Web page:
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Squadron of the Future: Creating more effective defenders

U.S. Air Force Airman 1st Class Cameron Rogers, 422nd Security Forces Squadron installation entry controller, clears an M4 carbine during a recall exercise at RAF Croughton, England, November 21, 2019. Quarterly recall exercises are a form of readiness for defenders to always be prepared to respond at a moment’s notice. (U.S. Air Force photo by Airman 1st Class Jennifer Zima)

Airman 1st Class Cameron Rogers, 422nd Security Forces Squadron installation entry controller, clears an M4 carbine during a recall exercise at RAF Croughton, United Kingdom, Nov. 21, 2019. Quarterly recall exercises are a form of readiness for defenders to always be prepared to respond at a moment’s notice. (U.S. Air Force photo by Airman 1st Class Jennifer Zima)

U.S. Air Force Staff Sgt. Nichole Sehle, 422nd Security Forces Squadron NCOIC of standardization and evaluations, locates required equipment during a recall exercise at RAF Croughton, England, November 21, 2019. Quarterly recall exercises are a form of readiness for defenders to always be prepared to respond at a moment’s notice. (U.S. Air Force photo by Airman 1st Class Jennifer Zima)

Staff Sgt. Nichole Sehle, 422nd Security Forces Squadron noncommissioned officer in charge of standardization and evaluations, locates required equipment during a recall exercise at RAF Croughton, United Kingdom, Nov. 21, 2019. Quarterly recall exercises are a form of readiness for defenders to always be prepared to respond at a moment’s notice. (U.S. Air Force photo by Airman 1st Class Jennifer Zima)

RAF CROUGHTON, United Kingdom (AFNS) --

RAF Croughton is at the forefront of innovation, helping create the most effective defenders in the Air Force.

The 422nd Security Forces Squadron has been selected to undergo a six-month trial in a complete revitalization of the squadron.

“Security forces senior leaders recognized the need to overhaul security forces squadrons,” said Senior Master Sgt. Nicholas Whitney, 422nd SFS Defense Force Sustainment Flight superintendent. “We needed to capitalize on utilization of our resources and support operational function. Basically, aligning the forces for optimal performance.”

Air Force Chief of Staff Gen. David L. Goldfein commissioned this idea under the Year of the Defender initiative to focus on training readiness, modernizing the force enterprise-wide and improving quality of life with eight-hour shifts. Squadron of the Future began at RAF Croughton Sept. 1, concentrating on providing defenders with more training opportunities, protected time off, and reorganizing the unit structure into a leaner, more efficient system.

“The biggest takeaway for me is the decentralized command relationship for the master sergeants, … the (noncommissioned officer) tier and down,” said Capt. Alexander Parsons, 422nd SFS operations officer. “It is really empowering those in junior-leadership levels to make decisions at the tactical level. Whereas in a traditional chain-of-command hierarchy, the decisions are elevated and made at a higher level. That is not the focus here. I want my Airmen and my NCOs to be empowered to make those decisions even at the lowest level possible. That frees up the senior leadership within the squadron to focus more on the strategic, operational and longer-term objectives.”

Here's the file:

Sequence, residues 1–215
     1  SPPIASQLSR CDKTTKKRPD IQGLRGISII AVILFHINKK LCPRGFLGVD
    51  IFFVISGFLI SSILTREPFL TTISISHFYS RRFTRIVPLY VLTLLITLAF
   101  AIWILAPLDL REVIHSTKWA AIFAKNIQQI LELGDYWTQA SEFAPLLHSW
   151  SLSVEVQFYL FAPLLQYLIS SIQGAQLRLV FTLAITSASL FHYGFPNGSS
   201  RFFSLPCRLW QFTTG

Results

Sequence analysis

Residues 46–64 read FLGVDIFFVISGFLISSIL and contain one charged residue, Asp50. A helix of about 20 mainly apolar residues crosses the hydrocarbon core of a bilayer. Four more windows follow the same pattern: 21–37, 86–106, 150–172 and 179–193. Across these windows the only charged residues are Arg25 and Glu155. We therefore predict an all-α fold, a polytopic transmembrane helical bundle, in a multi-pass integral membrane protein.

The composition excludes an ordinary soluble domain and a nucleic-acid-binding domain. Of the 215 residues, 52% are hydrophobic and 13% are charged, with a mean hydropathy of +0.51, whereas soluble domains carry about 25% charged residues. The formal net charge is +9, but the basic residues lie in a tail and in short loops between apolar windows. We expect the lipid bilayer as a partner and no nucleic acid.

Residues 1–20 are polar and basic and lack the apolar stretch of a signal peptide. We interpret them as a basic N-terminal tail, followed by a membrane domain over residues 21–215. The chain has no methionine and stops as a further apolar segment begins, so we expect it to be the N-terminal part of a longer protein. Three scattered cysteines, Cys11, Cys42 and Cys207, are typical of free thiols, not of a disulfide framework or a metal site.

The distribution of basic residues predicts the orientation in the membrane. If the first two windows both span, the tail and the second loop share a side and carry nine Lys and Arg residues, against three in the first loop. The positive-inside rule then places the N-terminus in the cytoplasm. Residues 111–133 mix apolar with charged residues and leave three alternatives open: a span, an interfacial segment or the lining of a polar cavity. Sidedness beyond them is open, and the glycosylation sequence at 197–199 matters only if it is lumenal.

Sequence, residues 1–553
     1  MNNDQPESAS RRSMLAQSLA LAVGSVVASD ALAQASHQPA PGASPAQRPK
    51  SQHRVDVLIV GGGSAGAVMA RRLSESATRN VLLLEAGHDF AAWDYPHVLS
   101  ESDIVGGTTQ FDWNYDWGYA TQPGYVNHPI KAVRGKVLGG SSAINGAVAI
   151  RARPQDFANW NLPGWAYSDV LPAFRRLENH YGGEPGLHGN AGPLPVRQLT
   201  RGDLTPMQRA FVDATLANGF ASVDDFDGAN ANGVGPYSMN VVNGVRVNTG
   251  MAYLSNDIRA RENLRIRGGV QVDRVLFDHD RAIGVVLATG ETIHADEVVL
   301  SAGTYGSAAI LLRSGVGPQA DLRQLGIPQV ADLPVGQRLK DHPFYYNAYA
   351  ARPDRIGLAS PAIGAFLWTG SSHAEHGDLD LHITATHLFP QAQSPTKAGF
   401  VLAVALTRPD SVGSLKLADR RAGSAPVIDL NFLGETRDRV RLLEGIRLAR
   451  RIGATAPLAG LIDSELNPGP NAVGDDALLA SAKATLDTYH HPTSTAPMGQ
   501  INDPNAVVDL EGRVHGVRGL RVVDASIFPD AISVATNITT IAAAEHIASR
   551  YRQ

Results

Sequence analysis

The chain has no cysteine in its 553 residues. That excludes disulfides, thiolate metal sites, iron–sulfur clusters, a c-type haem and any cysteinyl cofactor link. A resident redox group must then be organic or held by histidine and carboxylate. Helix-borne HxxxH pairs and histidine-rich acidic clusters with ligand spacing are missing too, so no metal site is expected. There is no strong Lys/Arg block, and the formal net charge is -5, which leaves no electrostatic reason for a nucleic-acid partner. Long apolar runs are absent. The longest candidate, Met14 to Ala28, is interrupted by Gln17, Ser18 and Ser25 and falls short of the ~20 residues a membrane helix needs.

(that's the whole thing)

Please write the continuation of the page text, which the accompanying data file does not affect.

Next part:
For 18 years, Air Force security forces squadrons followed the U.S. Army doctrine of separating the squadron into sections, S1 through S5: Commander Support Staff (S1), Intelligence Flight (S2), Operations and Training Flight (S3), Logistics and Resources Flight (S4), and Installation Security, Plans and Programs (S5). The new test program has removed these classifications and restructured the squadron to be more effective with streamlined communication transitioning to a three-system operations flight, a sustainment flight and command support staff.

With the implementation of Squadron of the Future, the biggest quality-of-life improvement is that off-duty time is secured.

“We started this back in September and we have not once brought anyone in from protected time off,” Whitney said. “When the flight is on their protected time off, no one in the unit is allowed to bring someone in unless the commander approves it. It is equivalent to crew rest.”

Defenders at RAF Croughton also increased their monthly training days from four to six. Likewise, trainers work alongside defenders to assist in training needs.

“Previously when we had to go to training, people generally drag their feet,” said Tech. Sgt. Corey Southard, 422nd SFS noncommissioned officer in charge of training. “Now you have a trainer embedded amongst your flight. People are more receptive to it. They have someone with them who’s their trainer. It’s twofold – the quicker they train you, the quicker you get out or go off to bigger and better things.”

The Squadron of the Future concept is being tested at 14 different security forces squadrons across the Air Force, at least one in each major command. Monthly conference calls with senior leaders bring Airmen together to talk about the progress and give feedback.

“Our senior leaders at the headquarters level are really taking care of the defenders out on the ground,” Whitney said. “In 18 years, this is a whole new change, but it’s a change for the right reasons. It is making us a more lethal career field by giving us more time to do training. That’s a lot of time not only to take care of our annual training plan requirements, but it also allows us to focus on the things that may be specific to RAF Croughton. It's making us more lethal defenders, because you never know when the next threat’s going to come.”

RAF Croughton is the only test base in U.S. Air Forces in Europe – Air Forces Africa.

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